In the Age of Obama, Black America Suffering the Most
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Third and perhaps most important, the discrepancy reflects a mixture of realism and low expectations. That black Americans are doing worse than everyone else, and that the man they elected to turn that around has not done so, does not fundamentally change their view of how American politics works; almost every other Democratic president has failed in a similar way. Conversely the fact that a black man might be elected president, that enough white people might vote for him, that nobody has shot him, really has changed their assumptions.
In the black commentariat, opinion is divided over whether African-Americans should demand a more overt commitment to racial justice from a black president or refrain from doing so because it would weaken his appeal to others. The Rev. Al Sharpton insists that calling on Obama to be a “black exponent of black views” is “just stupid,” since it will embolden conservative attacks on projects black people need. Princeton professor Cornel West insists that Obama has “a certain fear of free black men” and “feels most comfortable with upper-middle-class white and Jewish men.”
By concentrating so heavily on race, both sides detract from his responsibilities. Obama should do more for black people -- not because he is black but because black people are the citizens suffering most. Black people have every right to make demands on Obama -- not because he’s black but because they gave him a greater percentage of their votes than any other group, and he owes his presidency to them. Like any president, he should be constantly pressured to put the issue of racial injustice front and center.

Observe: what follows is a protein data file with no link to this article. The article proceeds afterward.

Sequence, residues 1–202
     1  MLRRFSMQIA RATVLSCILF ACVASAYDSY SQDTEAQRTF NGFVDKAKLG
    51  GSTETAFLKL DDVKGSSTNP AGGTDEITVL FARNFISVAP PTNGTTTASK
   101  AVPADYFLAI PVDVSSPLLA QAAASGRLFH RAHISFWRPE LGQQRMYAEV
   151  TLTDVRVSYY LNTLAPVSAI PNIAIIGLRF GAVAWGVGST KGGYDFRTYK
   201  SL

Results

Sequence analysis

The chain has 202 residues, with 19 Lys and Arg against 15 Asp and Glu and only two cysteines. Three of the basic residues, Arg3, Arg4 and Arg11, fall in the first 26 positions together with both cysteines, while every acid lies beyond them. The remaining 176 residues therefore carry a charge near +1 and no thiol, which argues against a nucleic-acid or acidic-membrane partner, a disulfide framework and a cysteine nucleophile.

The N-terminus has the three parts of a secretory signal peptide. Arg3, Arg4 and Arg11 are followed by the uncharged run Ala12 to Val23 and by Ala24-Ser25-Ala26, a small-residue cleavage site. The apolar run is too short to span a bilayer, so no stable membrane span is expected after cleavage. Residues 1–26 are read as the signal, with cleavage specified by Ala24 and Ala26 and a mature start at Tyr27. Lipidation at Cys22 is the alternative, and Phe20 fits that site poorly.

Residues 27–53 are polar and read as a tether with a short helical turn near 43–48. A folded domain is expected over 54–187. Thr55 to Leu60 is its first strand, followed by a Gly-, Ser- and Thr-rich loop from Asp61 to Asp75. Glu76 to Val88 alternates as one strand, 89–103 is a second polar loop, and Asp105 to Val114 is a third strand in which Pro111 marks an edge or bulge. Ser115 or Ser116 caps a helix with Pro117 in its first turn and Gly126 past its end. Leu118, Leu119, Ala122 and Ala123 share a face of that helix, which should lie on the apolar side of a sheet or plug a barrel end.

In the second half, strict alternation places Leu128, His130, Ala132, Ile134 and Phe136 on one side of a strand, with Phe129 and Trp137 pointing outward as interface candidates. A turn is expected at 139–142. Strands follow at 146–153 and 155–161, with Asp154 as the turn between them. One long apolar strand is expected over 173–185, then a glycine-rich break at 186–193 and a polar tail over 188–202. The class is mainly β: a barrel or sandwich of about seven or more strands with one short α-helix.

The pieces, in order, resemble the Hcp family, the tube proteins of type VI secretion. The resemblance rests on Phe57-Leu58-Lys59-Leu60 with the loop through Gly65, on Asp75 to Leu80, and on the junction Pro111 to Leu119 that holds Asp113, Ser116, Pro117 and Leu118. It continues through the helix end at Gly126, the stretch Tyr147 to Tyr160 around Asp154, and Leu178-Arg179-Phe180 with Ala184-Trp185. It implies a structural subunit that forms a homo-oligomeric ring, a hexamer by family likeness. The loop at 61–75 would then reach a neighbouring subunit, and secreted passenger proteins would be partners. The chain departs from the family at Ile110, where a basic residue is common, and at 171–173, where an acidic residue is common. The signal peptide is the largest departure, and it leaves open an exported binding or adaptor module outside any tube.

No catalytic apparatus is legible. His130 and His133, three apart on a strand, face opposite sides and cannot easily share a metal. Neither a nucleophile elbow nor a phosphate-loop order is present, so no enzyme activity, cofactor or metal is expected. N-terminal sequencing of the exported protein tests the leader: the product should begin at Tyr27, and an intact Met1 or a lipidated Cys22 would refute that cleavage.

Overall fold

The day he took office, the world may have looked at black America differently, but black America has taken some time to look at Obama differently. When he went from being an aspiration to a fact of political life, the posters that bore his likeness in socialist realist style over single-word commands like Hope, Believe and Change should have been replaced with posters bearing the single-word statement: Power. As Frederick Douglass said: “Power concedes nothing without a demand. It never did and it never will.”
Gary Younge, the Alfred Knobler Journalism Fellow at The Nation Institute, is the New York correspondent for the Guardian and the author of No Place Like Home: A Black Briton's Journey Through the Deep South (Mississippi) and the forthcoming Stranger in a Strange Land: Travels in the Disunited States (New Press).